Tuesday, September 15, 2015

Top Ten Tuesday: Tropes I Love & Hate


Top Ten Tuesday is a weekly meme hosted by The Broke and the Bookish. This week’s topic is whatever I want. I chose to list some tropes. When people hear the word “Trope,” they usually think of something negative, but there are thousands of tropes, and some of them have been around for centuries. They’re not necessarily a bad thing. So, I decided to list 5 tropes I love and 5 I’m sick of seeing.


The Tropes I Love


1. Anti-heroes and anti-villains: These are the morally gray characters. You’re never quite sure if they’re good guys or bad guys, but they’re super-interesting to read about. These characters are pretty common in sci-fi/fantasy/horror.

2. Slow-burn love: The opposite of insta-love. The characters are friends long before they are romantic partners. Ron and Hermione are probably the most well-known example of slow-burn love. It takes them thousands of pages to get together.



3. Unusual formatting: Strange fonts? Mixing poetry and prose? One-sentence chapters? Creepy old photographs? An entire book written in lists? All those experimental things that reviewers call “Gimmicky and annoying”? YES, PLEASE. I want more.

4. Parallel universes: These have been a staple of science fiction for as long as the genre has been around. As a kid, I was obsessed with His Dark Materials and The Talisman. As an adult, I loved the Dark Tower series and A Darker Shade Of Magic. I’ve never met a parallel-universe book that I didn’t like.

5. The unexpected hero (A.K.A. the non-action guy): This is the character who doesn’t have traditional “hero” traits, but ends up doing something heroic anyway. Neville Longbottom is an unexpected hero. Peeta from The Hunger Games may also fit into this category.



Honorable mention: The coming-of-age story: In these stories, the characters go through an event that forces them to grow up a little. At the end of the book, the characters are psychologically or morally different than they were in the beginning. A lot of contemporary YA books are coming-of-age stories. I never get sick of them.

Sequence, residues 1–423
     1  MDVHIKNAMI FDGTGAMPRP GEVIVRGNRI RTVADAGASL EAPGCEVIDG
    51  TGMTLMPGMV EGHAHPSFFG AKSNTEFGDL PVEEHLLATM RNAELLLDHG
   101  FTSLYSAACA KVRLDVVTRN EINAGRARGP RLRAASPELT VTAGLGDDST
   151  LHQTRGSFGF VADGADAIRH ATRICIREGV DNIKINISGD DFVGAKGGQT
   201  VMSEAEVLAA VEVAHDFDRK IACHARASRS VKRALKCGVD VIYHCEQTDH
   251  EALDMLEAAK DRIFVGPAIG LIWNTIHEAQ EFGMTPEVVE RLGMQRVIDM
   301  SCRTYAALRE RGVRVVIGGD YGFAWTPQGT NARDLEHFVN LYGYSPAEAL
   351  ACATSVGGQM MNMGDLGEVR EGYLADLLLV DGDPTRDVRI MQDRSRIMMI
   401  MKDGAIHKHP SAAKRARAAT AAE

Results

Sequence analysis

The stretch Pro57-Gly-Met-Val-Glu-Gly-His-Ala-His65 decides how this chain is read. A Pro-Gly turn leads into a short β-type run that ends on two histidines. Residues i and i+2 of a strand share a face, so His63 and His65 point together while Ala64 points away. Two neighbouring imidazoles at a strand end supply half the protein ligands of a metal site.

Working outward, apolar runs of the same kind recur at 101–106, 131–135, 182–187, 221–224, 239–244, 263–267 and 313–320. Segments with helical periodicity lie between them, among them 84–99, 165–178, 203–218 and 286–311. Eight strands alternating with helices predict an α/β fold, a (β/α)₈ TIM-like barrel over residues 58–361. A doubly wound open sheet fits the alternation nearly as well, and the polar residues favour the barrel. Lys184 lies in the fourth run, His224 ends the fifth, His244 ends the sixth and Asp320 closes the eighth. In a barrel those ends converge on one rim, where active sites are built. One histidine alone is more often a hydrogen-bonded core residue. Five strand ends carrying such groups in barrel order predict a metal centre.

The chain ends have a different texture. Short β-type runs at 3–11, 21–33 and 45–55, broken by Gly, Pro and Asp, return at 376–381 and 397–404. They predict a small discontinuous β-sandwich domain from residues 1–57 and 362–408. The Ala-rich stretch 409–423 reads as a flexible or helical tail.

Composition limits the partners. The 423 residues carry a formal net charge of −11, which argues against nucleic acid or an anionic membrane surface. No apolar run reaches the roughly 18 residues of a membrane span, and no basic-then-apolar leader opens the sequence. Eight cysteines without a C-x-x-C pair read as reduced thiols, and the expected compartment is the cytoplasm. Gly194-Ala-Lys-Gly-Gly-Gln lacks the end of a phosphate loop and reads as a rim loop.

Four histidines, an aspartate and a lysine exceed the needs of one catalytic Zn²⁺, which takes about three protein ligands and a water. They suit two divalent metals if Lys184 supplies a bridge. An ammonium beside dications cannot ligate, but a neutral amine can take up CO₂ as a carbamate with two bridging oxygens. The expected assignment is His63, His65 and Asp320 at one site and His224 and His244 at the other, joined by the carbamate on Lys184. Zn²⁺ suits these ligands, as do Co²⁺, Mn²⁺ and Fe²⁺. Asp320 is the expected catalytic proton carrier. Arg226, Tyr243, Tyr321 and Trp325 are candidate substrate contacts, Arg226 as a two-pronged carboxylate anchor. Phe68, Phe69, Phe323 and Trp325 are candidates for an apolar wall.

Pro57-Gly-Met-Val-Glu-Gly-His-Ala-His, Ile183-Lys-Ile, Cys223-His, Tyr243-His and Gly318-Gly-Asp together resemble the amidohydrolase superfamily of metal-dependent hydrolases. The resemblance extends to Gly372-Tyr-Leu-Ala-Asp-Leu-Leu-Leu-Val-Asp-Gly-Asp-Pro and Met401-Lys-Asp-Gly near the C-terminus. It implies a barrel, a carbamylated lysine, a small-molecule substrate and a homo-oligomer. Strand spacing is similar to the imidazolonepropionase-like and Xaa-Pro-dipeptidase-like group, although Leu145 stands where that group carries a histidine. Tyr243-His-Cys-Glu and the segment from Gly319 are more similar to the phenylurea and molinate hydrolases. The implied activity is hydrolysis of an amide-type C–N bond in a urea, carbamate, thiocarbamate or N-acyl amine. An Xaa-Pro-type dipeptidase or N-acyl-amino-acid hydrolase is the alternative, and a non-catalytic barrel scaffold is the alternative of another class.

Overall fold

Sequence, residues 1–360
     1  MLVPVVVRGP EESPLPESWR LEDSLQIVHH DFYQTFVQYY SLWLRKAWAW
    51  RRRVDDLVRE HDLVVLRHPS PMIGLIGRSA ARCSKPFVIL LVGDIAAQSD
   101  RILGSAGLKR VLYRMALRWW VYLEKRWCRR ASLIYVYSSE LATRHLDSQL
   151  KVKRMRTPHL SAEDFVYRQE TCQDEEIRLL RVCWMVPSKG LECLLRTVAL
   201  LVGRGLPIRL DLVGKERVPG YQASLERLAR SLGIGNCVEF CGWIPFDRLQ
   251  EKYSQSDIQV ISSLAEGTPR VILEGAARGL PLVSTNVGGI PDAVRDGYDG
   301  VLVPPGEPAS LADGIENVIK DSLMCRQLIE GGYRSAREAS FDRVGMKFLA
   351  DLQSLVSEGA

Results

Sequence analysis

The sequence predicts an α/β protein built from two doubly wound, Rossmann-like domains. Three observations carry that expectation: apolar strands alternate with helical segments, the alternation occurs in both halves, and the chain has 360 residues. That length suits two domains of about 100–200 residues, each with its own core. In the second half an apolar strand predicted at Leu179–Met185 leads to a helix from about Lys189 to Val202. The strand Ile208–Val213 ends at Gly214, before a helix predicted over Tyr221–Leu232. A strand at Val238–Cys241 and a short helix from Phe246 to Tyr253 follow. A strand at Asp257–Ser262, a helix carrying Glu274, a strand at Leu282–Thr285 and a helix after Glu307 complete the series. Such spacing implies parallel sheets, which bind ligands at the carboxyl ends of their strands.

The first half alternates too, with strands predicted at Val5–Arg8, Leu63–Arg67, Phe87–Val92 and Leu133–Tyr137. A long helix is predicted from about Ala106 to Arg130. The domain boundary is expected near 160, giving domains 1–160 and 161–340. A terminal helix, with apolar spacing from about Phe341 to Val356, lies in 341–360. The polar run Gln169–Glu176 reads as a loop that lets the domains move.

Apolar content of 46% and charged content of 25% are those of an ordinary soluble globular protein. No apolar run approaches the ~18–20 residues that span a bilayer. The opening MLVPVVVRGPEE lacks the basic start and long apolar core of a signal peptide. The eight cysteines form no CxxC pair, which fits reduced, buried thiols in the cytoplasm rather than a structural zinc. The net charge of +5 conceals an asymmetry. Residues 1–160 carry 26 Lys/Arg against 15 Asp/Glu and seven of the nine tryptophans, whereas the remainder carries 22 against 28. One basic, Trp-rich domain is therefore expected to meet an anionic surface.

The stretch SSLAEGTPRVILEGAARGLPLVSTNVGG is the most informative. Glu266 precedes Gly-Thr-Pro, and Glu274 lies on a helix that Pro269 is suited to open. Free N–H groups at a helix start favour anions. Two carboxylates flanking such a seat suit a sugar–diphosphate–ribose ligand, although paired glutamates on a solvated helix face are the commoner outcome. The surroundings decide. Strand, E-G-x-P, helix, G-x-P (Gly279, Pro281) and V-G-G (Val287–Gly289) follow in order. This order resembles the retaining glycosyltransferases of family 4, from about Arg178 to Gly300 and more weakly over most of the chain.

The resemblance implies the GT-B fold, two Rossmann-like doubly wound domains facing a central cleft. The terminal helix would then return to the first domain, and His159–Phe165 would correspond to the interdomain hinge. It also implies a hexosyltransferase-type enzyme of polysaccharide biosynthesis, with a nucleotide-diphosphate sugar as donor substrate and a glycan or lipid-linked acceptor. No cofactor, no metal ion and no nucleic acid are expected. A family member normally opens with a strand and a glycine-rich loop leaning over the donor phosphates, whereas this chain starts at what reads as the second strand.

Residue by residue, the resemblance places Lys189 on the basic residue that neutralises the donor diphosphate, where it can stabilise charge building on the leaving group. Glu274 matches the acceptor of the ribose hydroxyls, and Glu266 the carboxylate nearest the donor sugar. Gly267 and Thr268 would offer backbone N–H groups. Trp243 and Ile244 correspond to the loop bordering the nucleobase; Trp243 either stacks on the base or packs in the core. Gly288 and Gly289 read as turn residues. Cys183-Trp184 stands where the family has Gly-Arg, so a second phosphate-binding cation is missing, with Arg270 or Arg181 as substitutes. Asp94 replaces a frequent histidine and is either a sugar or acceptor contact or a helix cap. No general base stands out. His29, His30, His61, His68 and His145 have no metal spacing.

The Tropes I Hate  


1. Abusive “bad boy” love interests: Nothing makes me angrier than seeing a character stay in an abusive relationship. I know that real-life people do stay in bad relationships, but I hate reading about it. I especially hate when the girl says, “Oh, he’s just being cute and protective.” No. He’s being crazy. Get away from him. Now.



2. Unpronounceable names: Fantasy authors, why do you do this to me?

3. The chosen one / one person against the world: I don’t completely hate this trope, but it’s used a lot. I wish authors would be a little more creative. Sometimes it seems like every protagonist is the only person who can save the universe.

4. Romanticized illness: You know all those moody bad boys with anger-management problems? Is that sex appeal or some kind of mental disorder? Also, as much as I adore The Fault In Our Stars, I’m not sure if it’s a realistic story. Does being deathly ill really put you in the mood for love?

5. The annoyingly quirky girl: Stargirl was one of my favorite books as a kid, but I don’t think I would have liked the book if Stargirl was the narrator. She’s just so annoyingly weird. Other annoyingly quirky girls: Alice from Twilight and Margo from Paper Towns. Both characters got on my nerves a little. Quirky is fine, but some characters overdo it. On a related topic, where are all the quirky boys?